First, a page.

Tips for Planting and Caring for Milkweed

Gardening in Arizona can be difficult due to our extreme temperatures and low rainfall. However, milkweed is still able to thrive in urban settings if given the proper conditions

Image by Jen Theodore


Newer milkweed plants or seedlings will need to be watered more than matured milkweed plants. Following your temperatures in AZ is a great way to determine how much to water your milkweed. If temperatures in your area are very hot, then your milkweed will need more water than the milkweed that is located in the cooler climates of AZ. As temperatures in your area start to cool down you can start watering less.

Moisture Loving Milkweed: Swamp milkweed (Asclepias incarnata), tropical milkweed (Asclepias curassavica) and showy milkweed (Asclepias speciosa)  grow best with abundant moisture. Mulch could also be utilized to increase water retention


Most milkweeds grow well in full sun but can tolerate a little shade. In the lower elevations of AZ during the summer months, your milkweed could benefit from some shade.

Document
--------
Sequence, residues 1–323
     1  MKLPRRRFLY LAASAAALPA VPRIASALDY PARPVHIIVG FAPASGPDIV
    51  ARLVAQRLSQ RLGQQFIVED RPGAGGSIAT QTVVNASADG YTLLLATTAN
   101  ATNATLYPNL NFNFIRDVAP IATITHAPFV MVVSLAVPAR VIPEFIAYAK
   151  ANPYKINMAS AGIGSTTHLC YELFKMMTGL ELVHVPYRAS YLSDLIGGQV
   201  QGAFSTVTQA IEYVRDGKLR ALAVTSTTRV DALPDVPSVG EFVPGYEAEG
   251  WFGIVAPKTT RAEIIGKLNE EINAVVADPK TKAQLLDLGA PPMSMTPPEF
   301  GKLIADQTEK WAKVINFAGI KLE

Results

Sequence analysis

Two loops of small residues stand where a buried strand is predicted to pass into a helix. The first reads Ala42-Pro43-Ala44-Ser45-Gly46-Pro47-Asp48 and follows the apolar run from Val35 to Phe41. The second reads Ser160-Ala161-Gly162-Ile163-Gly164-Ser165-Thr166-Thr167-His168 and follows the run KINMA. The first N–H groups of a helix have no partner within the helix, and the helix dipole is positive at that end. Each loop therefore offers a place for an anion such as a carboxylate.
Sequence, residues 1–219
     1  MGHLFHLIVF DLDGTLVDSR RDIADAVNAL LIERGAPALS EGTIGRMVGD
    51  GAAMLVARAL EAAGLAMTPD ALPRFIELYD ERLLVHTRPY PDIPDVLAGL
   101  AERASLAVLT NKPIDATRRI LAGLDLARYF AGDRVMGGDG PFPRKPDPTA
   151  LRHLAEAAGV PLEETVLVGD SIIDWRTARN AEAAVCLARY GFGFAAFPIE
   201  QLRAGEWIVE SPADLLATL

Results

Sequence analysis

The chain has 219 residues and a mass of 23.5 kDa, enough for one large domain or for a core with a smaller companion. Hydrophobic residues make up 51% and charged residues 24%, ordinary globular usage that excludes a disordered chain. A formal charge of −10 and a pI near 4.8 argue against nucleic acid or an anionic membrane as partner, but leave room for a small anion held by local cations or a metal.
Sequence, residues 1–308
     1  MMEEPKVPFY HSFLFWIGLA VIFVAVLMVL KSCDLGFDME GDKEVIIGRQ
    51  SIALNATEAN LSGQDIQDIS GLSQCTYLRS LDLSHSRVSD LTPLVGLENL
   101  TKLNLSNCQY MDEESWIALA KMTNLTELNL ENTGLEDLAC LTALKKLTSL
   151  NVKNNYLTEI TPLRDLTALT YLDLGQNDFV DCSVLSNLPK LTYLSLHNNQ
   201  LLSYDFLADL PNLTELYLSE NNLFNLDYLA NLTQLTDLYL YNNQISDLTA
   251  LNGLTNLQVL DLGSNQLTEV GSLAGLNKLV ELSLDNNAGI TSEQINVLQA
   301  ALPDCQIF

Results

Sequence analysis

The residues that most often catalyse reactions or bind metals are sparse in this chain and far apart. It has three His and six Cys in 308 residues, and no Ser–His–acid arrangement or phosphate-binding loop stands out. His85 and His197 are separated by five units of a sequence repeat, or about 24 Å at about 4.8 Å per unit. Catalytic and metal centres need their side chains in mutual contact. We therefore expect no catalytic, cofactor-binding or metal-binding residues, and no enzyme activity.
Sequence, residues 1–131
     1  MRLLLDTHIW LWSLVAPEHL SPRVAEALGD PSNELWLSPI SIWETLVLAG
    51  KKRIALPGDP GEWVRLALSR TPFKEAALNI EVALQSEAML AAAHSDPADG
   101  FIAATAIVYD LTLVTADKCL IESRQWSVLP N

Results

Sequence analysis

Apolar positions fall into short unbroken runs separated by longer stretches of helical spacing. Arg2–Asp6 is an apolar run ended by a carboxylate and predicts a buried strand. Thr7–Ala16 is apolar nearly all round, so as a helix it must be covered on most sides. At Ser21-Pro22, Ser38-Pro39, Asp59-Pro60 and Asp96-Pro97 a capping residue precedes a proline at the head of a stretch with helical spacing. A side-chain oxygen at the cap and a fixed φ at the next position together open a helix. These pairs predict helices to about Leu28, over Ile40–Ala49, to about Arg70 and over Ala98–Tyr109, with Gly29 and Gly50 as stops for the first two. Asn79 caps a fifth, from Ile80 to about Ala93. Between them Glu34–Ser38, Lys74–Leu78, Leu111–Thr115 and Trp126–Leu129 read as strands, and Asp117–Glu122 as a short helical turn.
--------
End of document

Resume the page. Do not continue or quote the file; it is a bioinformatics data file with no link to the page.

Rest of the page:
Image by Thomas Park
Image by Lasclay


Milkweed grows well with little to no fertilizer. During the growing season it can be beneficial to fertilize your milkweed with a fertilizer that contains phosphorus.

Seed Collection

After your milkweed flowers, you will often see that a seed pod is produced. While still on the stem, gently pry open the center of the seed pod to just barely reveal the cluster of seeds. If the seeds are brown you can snip off the seed pod and spread the seeds at the base of your milkweed in order to create additional plants. 

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Dead or Dormant?

Milkweeds are perennial plants that normally go dormant over the winter and re-sprout the next spring. If the climate is not favorable (ex: drought) or the milkweed was planted at the wrong time, the plant may go into a growing season dormancy. 

What's more important is that your milkweed's roots are healthy! A dead top does not necessarily mean a dead plant. If your milkweed's above ground growth appears to be dead, stop or dramatically reduce the amount of water it receives. Then wait to see if it re-sprouts before you begin to water again. Leave the roots in place and undisturbed.

For more information on specific species, see our descriptive table below